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Since 2010, design studio Bonsoir Paris aims at producing artworks and specific design features for brands and retail. Woodworking, mixing of hybrid materials, 3D modeling and printing experiments are among the most emblematic methods used to feed and generate Bonsoir Paris’ creativity. Today, for Daily METAL, they are happy to present their new fashion series titled "JAPANジャパン". This fashion story immerses us into a new state-of-the-art future, illuminated by neon lights and optimized by ancestral self-introspection.

From window displays to art sculpture and fashion series, your work reaches a wide range of territories. How do you split work for each project?

We - Morgan Maccari, Remy Clémente, Ben Sandler – apply equal energy on our projects in order to get the job done successfully. We each have different skills which, combined together, allows us to work on various creative concepts.

What is everyone’s specific area?

Morgan and Rémy are in charge of the AD and Ben, as a photographer and director, is focused on visual production. Starting from one concept, Remy makes a detailed design piece while Morgan works on shaping it by the research of materials and production solutions. Ben participates on the production aspect, and turns the concept into visual storytelling.

What are the top three concepts you apply to each of your design works?

First of all, we want to ensur each project is challenging for us. Then, make sure each project is part of our constant evolution. Lastly, always experiment with new material applications.

Your editorial story is inspired by an ultra-modern society and its fascination with neon lights. How does the city in particular (and the urban culture in general) inspire your work?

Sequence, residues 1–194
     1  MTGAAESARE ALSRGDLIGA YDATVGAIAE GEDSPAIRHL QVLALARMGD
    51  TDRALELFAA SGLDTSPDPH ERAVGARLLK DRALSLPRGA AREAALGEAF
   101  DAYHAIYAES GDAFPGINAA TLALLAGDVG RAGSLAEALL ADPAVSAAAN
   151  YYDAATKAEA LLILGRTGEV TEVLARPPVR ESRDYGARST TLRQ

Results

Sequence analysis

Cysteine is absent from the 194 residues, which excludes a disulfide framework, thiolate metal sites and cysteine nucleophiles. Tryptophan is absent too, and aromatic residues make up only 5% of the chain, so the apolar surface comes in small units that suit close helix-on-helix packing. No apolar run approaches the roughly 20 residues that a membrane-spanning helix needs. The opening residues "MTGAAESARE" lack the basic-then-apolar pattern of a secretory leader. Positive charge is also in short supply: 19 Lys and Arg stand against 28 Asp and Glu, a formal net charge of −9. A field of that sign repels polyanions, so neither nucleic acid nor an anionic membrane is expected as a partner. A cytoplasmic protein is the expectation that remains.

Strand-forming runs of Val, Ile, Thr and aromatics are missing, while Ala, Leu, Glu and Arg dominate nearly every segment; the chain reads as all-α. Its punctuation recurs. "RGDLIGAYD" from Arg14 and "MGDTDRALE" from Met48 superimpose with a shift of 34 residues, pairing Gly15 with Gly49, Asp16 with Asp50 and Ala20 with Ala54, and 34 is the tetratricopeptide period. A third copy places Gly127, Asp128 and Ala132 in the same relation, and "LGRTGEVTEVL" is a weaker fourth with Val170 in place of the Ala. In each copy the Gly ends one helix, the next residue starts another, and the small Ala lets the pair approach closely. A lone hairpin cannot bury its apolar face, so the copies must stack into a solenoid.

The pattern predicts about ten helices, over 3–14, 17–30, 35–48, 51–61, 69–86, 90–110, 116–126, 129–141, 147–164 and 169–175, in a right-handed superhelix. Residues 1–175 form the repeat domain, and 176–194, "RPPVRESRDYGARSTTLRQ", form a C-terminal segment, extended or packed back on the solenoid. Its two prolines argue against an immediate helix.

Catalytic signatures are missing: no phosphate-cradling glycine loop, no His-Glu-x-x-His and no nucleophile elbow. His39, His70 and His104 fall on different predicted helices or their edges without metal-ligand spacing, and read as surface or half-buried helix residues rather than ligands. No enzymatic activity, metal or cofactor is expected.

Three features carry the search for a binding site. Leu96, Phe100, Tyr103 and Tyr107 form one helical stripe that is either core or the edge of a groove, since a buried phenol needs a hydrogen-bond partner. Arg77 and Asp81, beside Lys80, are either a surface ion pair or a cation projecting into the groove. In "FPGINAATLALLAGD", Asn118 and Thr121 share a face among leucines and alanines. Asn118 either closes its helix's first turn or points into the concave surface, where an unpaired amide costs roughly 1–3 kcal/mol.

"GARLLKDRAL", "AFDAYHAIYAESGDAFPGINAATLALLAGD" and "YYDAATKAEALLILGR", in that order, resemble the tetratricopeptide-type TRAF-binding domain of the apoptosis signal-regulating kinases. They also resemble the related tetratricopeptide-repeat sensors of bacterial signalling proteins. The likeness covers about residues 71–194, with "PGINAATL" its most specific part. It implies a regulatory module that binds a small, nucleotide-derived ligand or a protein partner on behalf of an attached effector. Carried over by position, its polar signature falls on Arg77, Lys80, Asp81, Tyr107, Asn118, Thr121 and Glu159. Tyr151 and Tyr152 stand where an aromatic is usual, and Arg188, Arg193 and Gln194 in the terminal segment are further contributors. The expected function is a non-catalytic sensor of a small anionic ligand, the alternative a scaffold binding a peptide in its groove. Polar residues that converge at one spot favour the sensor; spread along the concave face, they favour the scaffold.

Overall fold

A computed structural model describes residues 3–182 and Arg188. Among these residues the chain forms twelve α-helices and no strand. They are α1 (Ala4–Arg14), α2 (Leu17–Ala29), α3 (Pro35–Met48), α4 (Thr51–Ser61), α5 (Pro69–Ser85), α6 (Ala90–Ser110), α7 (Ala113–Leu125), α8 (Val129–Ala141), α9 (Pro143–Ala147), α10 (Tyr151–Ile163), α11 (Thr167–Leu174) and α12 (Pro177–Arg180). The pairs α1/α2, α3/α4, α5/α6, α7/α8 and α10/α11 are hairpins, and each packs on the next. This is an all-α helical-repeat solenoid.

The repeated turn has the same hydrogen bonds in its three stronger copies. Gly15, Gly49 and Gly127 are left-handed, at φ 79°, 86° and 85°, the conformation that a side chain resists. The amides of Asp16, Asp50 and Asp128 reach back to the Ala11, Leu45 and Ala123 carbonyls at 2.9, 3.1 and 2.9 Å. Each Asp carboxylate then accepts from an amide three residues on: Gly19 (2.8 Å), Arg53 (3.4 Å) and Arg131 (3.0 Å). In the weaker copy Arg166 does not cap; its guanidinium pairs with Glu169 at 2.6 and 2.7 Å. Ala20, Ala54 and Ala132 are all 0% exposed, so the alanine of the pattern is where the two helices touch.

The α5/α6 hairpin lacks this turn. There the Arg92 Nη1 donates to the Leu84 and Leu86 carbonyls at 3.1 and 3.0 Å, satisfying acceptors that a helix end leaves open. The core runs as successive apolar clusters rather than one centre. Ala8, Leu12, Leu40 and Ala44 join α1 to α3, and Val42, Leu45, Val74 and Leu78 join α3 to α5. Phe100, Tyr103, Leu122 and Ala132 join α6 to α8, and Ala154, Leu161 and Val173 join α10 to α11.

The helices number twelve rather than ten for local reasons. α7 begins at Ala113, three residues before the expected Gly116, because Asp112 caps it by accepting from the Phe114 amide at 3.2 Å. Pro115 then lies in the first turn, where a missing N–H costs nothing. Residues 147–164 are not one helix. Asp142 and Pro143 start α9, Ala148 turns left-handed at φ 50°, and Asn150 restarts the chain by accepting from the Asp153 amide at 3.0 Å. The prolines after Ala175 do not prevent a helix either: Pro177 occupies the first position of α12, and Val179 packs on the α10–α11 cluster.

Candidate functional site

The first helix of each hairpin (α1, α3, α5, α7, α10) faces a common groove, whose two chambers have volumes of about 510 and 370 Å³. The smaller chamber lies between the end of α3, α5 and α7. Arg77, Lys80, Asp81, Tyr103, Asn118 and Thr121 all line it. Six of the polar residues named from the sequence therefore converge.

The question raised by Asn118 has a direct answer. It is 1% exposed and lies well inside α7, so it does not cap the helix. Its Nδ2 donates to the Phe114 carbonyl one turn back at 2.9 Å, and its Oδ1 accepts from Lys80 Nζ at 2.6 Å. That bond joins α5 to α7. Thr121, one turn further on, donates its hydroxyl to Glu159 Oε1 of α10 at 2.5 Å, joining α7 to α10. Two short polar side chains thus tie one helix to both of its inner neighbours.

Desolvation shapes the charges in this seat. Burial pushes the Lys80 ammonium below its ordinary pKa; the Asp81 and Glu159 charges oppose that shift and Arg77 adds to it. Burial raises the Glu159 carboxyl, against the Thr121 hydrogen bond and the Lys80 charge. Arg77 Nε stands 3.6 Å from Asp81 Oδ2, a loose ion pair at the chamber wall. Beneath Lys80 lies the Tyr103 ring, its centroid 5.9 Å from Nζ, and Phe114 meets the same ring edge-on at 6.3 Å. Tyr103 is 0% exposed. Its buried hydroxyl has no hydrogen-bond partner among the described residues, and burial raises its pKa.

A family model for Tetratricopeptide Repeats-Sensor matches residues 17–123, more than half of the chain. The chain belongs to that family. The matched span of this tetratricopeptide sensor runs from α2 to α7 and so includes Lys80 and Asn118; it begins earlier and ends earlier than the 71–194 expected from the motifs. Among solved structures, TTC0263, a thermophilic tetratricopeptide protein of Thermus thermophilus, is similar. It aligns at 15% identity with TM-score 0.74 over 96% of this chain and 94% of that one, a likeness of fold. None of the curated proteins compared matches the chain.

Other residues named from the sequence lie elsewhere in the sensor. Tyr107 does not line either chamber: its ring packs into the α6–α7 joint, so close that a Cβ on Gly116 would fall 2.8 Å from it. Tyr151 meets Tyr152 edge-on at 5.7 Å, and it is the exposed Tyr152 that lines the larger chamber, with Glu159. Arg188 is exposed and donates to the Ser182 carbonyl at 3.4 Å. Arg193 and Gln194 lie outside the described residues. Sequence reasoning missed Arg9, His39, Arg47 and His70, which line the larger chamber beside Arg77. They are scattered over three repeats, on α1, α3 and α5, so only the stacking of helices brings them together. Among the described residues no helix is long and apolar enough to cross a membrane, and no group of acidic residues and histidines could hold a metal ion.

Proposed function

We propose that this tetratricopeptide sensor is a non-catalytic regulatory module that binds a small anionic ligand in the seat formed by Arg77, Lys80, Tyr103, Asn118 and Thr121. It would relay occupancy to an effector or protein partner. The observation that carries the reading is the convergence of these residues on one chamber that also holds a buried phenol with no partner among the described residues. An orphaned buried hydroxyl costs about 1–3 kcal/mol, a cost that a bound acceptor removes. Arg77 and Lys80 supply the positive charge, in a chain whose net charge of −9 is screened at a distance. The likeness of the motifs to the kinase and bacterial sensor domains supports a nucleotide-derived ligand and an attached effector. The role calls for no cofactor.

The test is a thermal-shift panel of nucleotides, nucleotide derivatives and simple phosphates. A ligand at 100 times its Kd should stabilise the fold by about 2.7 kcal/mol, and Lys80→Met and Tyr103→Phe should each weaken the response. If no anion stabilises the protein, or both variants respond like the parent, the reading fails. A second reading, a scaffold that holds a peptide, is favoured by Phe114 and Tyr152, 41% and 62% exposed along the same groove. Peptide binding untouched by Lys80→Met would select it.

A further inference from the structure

For us, the city is like a huge playground that offers endless possibilities for design and architecture. We pay considerable attention to our environment and its surprising details. Nightlife and urban culture are closely linked. We appreciate how the night makes the city so mysterious on the one hand, and, with its lights, highlights obvious details on the other hand.

Another inspiration for the story is the Internet and its billions of special characters. Do you think signs are more powerful than words?

We grew up in a world where media and screens have a substantial importance to many of its citizens. Modern societies have learned to catch the audience’s attention by using intellectual short cuts. Those processes progressively made the signs and images very attractive to us as a new fast (albeit lazy) way to communicate. We wanted to reuse them in a poetic way by sticking antique Japanese quotations on our images.

Colors have a big significance in the series. Could you tell us more about this particular spiration?

We worked with different lighting for this series. It’s all part of the narrative: our character evolves in various universes, from interior light to the city’s luminous saturation and the soft light of midnight. Each of these states embodies the contrasts of the city.

If you could add some music or environmental noise on this series, what would it be?

Fishmans, by Uchu Nippon Setagaya (1998).

WORDS
JUSTINE TRAN

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